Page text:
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Sri Lanka jet fuel shortages costing SriLankan Airlines US$7mmn a month

ECONOMYNEXT – A shortage of jet fuel in the country due to forex shortages is costing the state-run SriLankan Airlines an extra 7 million US dollars a month, though the airline is operating most of its schedule, an official said.

“Now we are running 90 percent of our flights even though there is no fuel in the country which is costing us about 7 million US dollars per month in extra and lost revenue,” Richard Nuttall, the Chief Commercial Officer of SriLanka Airlines told Economy Next at the sidelines of a media brief.

“To carry the extra fuel, we can’t carry all the freight we like to into the country.”

SriLankan Airlines was stopping at third countries like India to load up on fuel for long haul destinations.

Carrying fuel for the return journey, a tactic known as tinkering, forces an airline to cut down freight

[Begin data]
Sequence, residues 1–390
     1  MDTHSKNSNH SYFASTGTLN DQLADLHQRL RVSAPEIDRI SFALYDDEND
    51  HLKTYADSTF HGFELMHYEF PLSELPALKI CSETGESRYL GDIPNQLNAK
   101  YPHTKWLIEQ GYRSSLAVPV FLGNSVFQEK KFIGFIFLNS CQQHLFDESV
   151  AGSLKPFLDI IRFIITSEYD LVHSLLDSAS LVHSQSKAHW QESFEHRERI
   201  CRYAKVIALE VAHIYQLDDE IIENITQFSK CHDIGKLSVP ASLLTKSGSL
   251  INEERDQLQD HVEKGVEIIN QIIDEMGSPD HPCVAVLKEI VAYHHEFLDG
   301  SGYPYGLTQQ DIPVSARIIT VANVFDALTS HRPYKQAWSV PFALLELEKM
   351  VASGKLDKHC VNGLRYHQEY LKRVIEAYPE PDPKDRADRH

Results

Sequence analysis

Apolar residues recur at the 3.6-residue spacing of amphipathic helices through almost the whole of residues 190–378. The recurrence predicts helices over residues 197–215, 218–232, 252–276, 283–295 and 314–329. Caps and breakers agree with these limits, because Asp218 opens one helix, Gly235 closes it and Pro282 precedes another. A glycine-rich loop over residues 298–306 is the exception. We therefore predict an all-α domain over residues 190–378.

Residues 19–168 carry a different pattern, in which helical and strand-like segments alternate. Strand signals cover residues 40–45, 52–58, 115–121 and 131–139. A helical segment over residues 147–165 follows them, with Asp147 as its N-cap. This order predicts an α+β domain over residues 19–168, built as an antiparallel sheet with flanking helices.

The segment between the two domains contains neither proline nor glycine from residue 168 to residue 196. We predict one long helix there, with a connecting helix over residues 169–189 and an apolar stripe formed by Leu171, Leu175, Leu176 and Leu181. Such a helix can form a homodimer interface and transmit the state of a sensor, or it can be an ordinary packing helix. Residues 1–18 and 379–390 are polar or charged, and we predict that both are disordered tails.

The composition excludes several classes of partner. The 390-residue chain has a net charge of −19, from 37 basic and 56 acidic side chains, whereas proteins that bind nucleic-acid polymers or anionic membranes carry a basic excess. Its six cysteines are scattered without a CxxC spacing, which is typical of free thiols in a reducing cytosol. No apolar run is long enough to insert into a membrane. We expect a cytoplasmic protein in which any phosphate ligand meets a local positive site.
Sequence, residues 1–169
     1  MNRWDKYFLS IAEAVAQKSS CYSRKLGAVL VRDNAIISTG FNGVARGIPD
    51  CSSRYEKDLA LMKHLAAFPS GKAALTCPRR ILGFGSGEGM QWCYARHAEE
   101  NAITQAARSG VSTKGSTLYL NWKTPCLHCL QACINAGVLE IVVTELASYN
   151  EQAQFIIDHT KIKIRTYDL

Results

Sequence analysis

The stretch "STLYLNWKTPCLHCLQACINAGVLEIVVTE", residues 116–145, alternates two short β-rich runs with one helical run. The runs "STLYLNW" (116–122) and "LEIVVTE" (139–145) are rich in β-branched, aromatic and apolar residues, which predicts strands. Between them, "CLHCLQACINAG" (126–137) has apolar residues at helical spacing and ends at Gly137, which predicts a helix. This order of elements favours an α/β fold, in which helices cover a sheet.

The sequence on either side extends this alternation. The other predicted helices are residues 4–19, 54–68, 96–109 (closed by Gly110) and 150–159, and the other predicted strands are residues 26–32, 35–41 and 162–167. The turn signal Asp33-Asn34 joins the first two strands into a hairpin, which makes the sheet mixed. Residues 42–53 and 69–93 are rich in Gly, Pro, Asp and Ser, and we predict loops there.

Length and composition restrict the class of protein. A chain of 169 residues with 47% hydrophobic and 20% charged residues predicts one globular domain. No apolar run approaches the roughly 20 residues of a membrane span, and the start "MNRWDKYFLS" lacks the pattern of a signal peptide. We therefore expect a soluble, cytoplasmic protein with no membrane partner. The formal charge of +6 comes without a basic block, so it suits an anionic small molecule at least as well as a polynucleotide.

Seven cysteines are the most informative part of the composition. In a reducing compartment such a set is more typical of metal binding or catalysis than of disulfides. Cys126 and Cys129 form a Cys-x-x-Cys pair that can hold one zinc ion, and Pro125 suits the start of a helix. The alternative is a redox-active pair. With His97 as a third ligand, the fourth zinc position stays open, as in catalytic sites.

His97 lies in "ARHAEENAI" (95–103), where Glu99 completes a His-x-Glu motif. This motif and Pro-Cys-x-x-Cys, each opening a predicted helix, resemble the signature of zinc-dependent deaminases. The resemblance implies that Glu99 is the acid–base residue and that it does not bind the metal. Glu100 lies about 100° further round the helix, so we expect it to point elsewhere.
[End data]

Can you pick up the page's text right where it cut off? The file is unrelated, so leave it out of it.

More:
The hit from fuel came after the airline SriLankan reported a profit of 1.7 million US dollars in the March 2022 quarter for the first time since 2006, after cutting costs such as staff costs and overheads; renegotiating supplier contracts and increasing cargo revenue.

Nuttall said few months ago they were not sure of even operating 30-40 percent of the flights due to lack of sufficient jet fuel in the country.

The state-run Ceylon Petroleum Corporation could not import enough jet fuel due to forex shortages coming from a broken soft-peg. Sri Lanka is currently undergoing the worst currency crises in the history of the island’s intermediate regime central bank.